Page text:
PM tells Pence he’s ‘looking forward to peace plan,’ as pair honor WWII victims

In Warsaw, Netanyahu and US vice president visit Jewish museum, lay wreaths in memory of ghetto fighters; PM says he knows Trump seeks to ensure Israel’s security for years

Raphael Ahren is the diplomatic correspondent at The Times of Israel.

United States Vice President Mike Pence, right, talks to the media during a bilateral meeting with Prime Minister Benjamin Netanyahu, left, in Warsaw, Poland, February 14, 2019. (Michael Sohn/AP)
United States Vice President Mike Pence, right, talks to the media during a bilateral meeting with Prime Minister Benjamin Netanyahu, left, in Warsaw, Poland, February 14, 2019. (Michael Sohn/AP)

Prime Minister Benjamin Netanyahu and US Vice President Mike Pence met in Warsaw Thursday, where the Israeli leader said he was eager to learn details of the Trump administration’s peace plan for resolving the Israeli-Palestinian conflict.

“I look forward to seeing the plan once it is presented,” Netanyahu said to Pence ahead of talks they held at the POLIN Museum of the History of Polish Jews.

“I have to say that I know that the Trump administration seeks to ensure the security of Israel for generations, and even though I always say, based on the experience that we endured here [at the Warsaw ghetto], Israel must always be able defend itself by itself against any threat,” Netanyahu said, “It’s comforting to know that we have such a strong ally in the United States of America.”

“The fact that we’re meeting here at the site of Warsaw ghetto is deeply meaningful,” Pence said to Netanyahu, who is also Israel’s foreign minister.

“Israel is our cherished ally,” Pence added, thanking Netanyahu for his commitment to the bilateral US-Israel friendship.

When the Jews of the Warsaw ghetto rose up in their famous revolt in early 1943, “no one came to help them,” Netanyahu said. “Today we have built our own capacity to defend ourselves. But we have a great friend. And the greatest friend of all is the United States of America. There’s no alliance like ours.”

United States Vice President Mike Pence with his wife Karen, Prime Minister of Poland Mateusz Morawiecki with his wife Iwona and Prime Minister Benjamin Netanyahu with his wife Sara, from left, stand at the Monument to the Ghetto Heroes during a wreath laying ceremony in Warsaw, Poland, February 14, 2019. (Michael Sohn/AP)

Earlier Netanyahu and Pence laid wreaths at the Warsaw Ghetto Uprising memorial, which is located at the same square as the museum in the heart of the former ghetto. The ceremony was also attended by the Prime Minister of Poland Mateusz Morawiecki.

During the Holocaust, Nazi Germany occupied Poland and enclosed some 450,000 Jews in what became known as the Warsaw ghetto. Most of the ghetto’s residents died of hunger and disease there, or in the gas chambers of the Treblinka death camp. The uprising broke out April 19, 1943, when about 750 young Jewish fighters armed with just pistols and other light arms attacked a German force more than three times its size. In their last testaments they said they knew they were doomed but wanted to die at a time and place of their own choosing.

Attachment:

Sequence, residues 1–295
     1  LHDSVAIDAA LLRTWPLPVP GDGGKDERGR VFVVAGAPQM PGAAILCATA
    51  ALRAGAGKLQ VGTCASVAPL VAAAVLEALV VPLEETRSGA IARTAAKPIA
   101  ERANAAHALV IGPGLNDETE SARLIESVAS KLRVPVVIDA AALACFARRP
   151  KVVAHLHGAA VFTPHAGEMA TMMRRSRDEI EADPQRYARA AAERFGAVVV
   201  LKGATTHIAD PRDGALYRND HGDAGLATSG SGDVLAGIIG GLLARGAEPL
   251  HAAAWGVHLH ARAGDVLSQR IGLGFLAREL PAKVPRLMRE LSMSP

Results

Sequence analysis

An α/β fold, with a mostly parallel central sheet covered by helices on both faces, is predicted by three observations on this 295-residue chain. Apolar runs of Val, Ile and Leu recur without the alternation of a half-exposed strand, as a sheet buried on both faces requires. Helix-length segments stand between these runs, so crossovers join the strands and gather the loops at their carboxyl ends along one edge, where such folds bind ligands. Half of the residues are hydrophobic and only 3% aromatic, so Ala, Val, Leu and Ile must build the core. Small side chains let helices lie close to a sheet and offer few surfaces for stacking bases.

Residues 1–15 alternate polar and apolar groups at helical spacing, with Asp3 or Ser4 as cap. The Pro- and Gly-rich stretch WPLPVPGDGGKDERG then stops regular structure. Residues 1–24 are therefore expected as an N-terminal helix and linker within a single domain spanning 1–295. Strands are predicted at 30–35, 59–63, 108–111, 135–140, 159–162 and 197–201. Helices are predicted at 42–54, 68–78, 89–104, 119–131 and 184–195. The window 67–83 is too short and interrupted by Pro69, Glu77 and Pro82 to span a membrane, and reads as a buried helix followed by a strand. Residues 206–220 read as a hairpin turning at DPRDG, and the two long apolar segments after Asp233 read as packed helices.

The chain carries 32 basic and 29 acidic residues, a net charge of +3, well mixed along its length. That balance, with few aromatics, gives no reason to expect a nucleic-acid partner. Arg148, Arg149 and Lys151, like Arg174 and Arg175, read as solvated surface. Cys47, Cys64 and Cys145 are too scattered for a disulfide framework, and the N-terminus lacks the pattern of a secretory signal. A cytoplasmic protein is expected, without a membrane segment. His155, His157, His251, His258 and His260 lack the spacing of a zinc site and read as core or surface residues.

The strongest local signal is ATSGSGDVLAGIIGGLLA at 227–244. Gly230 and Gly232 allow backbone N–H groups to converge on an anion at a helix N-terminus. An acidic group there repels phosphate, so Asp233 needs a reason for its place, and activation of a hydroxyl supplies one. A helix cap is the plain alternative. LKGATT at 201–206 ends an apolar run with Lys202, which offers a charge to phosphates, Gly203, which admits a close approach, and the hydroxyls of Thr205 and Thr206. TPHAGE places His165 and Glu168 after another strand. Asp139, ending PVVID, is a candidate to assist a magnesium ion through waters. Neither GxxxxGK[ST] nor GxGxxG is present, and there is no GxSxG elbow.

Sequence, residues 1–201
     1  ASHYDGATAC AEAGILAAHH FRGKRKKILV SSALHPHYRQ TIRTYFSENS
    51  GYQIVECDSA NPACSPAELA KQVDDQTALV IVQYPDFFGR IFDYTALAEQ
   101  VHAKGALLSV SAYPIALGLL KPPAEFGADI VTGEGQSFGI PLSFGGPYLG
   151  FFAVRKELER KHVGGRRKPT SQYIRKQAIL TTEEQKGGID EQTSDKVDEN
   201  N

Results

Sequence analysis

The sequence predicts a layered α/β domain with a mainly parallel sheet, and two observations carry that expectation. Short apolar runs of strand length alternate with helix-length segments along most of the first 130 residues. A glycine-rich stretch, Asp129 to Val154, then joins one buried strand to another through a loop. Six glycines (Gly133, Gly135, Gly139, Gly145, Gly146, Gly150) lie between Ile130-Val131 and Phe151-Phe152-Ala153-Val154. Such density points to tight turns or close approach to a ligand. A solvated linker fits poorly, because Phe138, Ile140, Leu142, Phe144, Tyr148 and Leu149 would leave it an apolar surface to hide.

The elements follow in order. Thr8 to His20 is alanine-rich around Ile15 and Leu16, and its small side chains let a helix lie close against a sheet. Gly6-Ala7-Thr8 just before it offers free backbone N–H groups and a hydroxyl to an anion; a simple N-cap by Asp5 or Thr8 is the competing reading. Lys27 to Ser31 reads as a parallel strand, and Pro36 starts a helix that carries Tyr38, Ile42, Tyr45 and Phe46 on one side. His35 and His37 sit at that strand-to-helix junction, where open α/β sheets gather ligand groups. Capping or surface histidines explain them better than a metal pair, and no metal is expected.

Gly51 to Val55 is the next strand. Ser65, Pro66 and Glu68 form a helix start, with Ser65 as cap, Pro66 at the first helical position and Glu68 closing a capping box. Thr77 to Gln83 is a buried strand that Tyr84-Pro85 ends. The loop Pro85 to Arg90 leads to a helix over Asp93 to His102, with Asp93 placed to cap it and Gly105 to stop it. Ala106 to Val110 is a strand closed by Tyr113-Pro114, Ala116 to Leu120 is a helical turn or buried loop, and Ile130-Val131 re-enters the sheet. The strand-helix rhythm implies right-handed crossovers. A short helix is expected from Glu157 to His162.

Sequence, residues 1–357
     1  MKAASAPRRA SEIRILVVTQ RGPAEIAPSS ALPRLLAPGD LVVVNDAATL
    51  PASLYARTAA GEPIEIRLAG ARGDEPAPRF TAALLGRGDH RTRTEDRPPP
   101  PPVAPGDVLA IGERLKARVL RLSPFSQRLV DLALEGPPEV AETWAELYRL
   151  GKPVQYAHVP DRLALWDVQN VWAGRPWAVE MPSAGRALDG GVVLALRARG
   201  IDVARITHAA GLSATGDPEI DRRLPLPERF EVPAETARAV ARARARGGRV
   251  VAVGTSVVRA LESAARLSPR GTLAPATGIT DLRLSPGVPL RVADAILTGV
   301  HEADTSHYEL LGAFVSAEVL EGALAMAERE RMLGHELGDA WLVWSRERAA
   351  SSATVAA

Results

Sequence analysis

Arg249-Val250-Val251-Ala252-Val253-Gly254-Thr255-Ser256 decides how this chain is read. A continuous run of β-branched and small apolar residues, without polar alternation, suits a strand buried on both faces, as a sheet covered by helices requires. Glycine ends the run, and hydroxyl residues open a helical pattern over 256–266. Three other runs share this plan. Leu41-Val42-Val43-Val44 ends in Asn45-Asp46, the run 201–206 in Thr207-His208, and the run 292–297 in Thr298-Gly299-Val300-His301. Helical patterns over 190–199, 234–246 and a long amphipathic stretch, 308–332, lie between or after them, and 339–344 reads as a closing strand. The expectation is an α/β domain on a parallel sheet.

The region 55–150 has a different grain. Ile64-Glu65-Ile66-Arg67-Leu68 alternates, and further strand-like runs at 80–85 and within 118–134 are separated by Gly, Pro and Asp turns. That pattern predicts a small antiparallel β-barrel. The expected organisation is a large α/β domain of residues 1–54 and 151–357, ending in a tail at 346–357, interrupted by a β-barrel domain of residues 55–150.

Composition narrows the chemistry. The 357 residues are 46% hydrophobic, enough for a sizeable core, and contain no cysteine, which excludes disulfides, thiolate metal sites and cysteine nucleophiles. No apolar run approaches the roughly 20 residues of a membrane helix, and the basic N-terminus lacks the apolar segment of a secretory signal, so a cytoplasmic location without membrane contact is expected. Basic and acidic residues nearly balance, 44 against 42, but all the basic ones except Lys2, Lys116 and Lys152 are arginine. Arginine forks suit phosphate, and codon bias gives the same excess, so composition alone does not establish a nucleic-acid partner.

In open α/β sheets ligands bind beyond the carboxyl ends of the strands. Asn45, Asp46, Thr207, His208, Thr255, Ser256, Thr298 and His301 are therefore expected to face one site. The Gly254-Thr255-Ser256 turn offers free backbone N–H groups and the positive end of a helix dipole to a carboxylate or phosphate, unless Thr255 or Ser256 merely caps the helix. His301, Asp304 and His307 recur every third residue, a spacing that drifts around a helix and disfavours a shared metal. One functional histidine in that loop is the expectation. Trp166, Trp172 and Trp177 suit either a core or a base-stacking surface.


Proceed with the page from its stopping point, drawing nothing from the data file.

The Warsaw Ghetto Uprising, the greatest incidence of Jewish resistance to the Nazis, has become a monumental symbol in Jewish and Israeli lore.

Netanyahu and Pence were in Warsaw, along with other top envoys and leaders — including from some Arab states — for a conference on the Middle East.

The two-day conference, which was originally called with a focus on countering Iran but now carries the toned-down and vague goal of seeking stability in the Middle East, opened Wednesday with a dinner at the Royal Castle in Warsaw’s old town.

The summit appears to be the first time an Israeli leader and senior Arab officials attended an international gathering centered on the Middle East since the 1991 Madrid peace conference, which set the stage for the landmark Oslo Accords between Israel and the Palestinians.

Prime Minister Benjamin Netanyahu (left, foreground) with other leaders at the conference on Peace and Security in the Middle East in Warsaw, on February 14, 2019. (Amos Ben Gershom/GPO)

Trump has long promised to try and reach a so-called “deal of the century” to end the long-simmering Israeli-Palestinian conflict, but his efforts have derailed since his decision to transfer the US embassy to Jerusalem.

The Palestinian Authority has castigated the move, declared the US no longer an honest broker in negotiations, and rejected any plan the White House may offer, with PA President Mahmoud Abbas calling it the “slap of the century.”

The Trump administration is putting the final touches on the plan, but is not expected to publish the proposal until after the Israeli general election in April.

Speaking to reporters on the sidelines of the conference earlier Thursday US Secretary of State Mike Pompeo said “confronting Iran” is an essential requirement for achieving peace in the Middle East.

“You can’t achieve peace and stability in the Middle East without confronting Iran, it’s just not possible,” he told reporters ahead of a meeting with Netanyahu.

Pompeo ignored reporters’ questions about the administration’s planned release of a proposal for an Israeli-Palestinian peace deal.

Times of Israel staff and agencies contributed to this report.

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